Career Notes 10.9.22
Ep 120 | 10.9.22

Payal Chakravarty: Overcoming bias in the workplace. [Security and Risk]


Payal Chakravarty: Hi, my name is Payal Chakravarty and I am the Head of Product for Security and Risk at Coalition.

Payal Chakravarty: Growing up I always thought I would either be, uh, a doctor like, that's a profession I really respected, or I would be an architect who would be building buildings, uh, combined math and art together because my interest was really in math, art, and biology. Those were my three favorite subjects.

Payal Chakravarty: When I was in high school, um, I got intrigued with the evolution of computers. This is, uh, back in the late nineties when it was an evolving area. Internet was just coming alive. So I got very intrigued by that and I was like, okay this seems like a fun place to tinker and understand and be hands on and build things and that's how I got into computer science and I was interested in electronics and hence I chose, uh, an engineering, uh, career path. 

Payal Chakravarty: I grew up in India and, uh, I did my undergrad in India and, uh, out of graduation there were lots of opportunities for, um, joining software companies at that point in time. So, uh, there were lots of multinationals interviewing us so decided to foray into software and joined a company called IBM, uh, in India for a year before I decided to pursue my masters and come to the United States and, uh, study computer science here.

Payal Chakravarty: So I finished up master's and I actually joined IBM at the research triangle park location. They have a huge, uh, uh, campus there. Uh, I think we had about 10,000 employees there. So I, uh, did an internship at IBM and Microsoft during my masters, and I decided to pick up IBM. I was, uh, thrown into this project where we had to get, um, we had to work with customers, understand their needs for, um, they were in the data center, they were basically data center managers and they had a bunch of siloed tools at that point in time and what I had to do was, um, kind of study, uh, their use cases and, uh, stitch together massive, uh, amounts of data from different siloed tools and present those use cases in sort of dashboards and analytics. So my first experience was building really scalable, massively performing, uh, data marts and dashboards and, uh, reports and analysis, uh, encompassing, you know, several use cases and like answering questions like, Hey, where should I move my workloads? You know, where, what kind of capacity does my data center have? This is when, uh, the world was going through the physical to virtualization transition, cloud was still not a thing in the data centers.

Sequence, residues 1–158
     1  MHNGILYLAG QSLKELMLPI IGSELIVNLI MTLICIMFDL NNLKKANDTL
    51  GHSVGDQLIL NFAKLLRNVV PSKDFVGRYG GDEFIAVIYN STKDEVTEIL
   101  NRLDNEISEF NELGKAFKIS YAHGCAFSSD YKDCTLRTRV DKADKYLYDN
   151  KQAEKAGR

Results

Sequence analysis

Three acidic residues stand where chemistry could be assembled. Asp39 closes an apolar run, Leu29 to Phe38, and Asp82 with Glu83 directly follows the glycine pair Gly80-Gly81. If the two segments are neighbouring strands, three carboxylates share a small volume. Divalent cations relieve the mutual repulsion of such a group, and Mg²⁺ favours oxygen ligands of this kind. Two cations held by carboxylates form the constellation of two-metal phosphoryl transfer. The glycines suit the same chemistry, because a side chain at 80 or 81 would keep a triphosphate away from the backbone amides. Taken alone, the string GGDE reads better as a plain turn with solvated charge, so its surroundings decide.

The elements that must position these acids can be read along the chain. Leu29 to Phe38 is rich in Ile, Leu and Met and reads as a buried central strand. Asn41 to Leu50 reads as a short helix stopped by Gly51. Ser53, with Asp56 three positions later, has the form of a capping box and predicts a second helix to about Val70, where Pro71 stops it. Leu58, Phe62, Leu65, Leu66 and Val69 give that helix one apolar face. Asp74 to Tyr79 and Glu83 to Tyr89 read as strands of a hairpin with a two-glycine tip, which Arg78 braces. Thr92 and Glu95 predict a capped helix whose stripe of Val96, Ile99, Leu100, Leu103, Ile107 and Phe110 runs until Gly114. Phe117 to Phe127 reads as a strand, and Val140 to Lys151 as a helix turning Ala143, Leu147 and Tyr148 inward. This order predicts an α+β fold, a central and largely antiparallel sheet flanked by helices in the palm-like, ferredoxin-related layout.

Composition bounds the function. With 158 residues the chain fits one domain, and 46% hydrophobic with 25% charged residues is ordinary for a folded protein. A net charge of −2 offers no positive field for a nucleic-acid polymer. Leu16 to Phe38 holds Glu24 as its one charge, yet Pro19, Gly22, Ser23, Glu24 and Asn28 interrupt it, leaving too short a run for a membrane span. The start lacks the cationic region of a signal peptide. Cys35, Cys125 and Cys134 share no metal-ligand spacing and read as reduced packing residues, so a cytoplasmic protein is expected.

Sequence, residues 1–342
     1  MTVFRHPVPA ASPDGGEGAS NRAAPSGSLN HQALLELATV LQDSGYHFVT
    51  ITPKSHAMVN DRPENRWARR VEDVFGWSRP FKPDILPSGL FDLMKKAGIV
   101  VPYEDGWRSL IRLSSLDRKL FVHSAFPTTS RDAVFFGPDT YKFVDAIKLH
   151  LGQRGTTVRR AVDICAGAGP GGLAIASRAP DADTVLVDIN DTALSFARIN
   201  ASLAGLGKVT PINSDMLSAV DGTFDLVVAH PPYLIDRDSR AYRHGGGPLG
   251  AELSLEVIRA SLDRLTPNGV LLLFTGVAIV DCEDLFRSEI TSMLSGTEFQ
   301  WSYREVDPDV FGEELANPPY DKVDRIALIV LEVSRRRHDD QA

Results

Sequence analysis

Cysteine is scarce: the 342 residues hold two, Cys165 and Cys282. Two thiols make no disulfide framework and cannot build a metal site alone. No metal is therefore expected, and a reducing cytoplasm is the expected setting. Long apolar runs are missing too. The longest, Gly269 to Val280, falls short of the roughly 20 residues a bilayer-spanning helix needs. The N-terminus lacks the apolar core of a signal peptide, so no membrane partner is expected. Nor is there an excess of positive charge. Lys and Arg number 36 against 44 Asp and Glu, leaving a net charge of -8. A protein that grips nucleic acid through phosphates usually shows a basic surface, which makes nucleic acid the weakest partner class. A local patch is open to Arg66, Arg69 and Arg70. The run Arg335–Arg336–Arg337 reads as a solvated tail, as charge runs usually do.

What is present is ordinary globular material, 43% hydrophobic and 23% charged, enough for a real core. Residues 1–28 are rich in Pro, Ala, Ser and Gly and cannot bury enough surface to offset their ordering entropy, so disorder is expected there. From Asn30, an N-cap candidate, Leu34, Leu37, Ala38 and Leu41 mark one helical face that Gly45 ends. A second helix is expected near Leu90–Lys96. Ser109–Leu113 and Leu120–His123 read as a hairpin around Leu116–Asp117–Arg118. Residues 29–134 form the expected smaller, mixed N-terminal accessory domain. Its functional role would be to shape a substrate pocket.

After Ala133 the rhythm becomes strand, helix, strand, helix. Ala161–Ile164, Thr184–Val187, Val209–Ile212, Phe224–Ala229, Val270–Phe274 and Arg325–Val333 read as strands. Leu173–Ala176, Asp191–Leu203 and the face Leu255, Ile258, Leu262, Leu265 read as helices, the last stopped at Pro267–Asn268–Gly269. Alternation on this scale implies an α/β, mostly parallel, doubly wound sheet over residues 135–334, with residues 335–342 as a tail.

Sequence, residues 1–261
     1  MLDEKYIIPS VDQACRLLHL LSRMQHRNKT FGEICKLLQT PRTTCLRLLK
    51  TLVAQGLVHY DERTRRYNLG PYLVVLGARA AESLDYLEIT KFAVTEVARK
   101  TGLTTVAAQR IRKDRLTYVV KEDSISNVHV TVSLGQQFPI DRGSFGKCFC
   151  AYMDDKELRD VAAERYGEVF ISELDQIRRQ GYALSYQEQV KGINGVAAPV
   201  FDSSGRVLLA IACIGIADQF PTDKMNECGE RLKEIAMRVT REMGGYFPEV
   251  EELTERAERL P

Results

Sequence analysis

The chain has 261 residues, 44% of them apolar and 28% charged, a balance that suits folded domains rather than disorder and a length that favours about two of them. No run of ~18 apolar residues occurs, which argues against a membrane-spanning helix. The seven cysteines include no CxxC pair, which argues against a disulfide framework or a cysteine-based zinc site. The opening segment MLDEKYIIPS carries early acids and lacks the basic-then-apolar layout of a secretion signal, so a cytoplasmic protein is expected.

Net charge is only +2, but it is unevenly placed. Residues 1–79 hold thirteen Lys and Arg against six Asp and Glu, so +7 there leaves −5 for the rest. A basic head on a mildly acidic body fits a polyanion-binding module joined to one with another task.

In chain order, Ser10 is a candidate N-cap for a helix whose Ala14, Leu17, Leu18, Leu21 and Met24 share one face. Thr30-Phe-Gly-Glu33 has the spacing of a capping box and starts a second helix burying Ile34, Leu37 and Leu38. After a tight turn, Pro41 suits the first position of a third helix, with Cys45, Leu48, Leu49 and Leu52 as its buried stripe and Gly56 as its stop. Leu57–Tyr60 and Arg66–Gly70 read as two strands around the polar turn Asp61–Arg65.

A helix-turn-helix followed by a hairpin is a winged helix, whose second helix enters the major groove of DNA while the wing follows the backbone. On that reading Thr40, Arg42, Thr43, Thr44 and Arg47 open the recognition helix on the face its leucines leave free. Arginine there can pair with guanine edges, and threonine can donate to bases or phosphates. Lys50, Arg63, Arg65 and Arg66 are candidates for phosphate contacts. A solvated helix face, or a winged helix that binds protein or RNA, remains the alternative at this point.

Payal Chakravarty: But, um, I did many different things at IBM, but one of the things, one of the projects that I really loved was actually transitioning to the cloud. So I had to take an entire portfolio software, uh, and they were on prem software and move them to the cloud. So this is where I was exposed to hands on, figuring out what would it take to take a monolith, um, make it a service based product, uh, host it on the cloud, create a SaaS experience where users could do full self-service, try by, and you know, IBM hadn't done that before, uh, literally, uh, and then figure out, uh, everything from SLAs, to security, to uh, what it means to run on the cloud. So that was amazing because I learned so many things. Uh, and, and that made me very intrigued about building products for the cloud.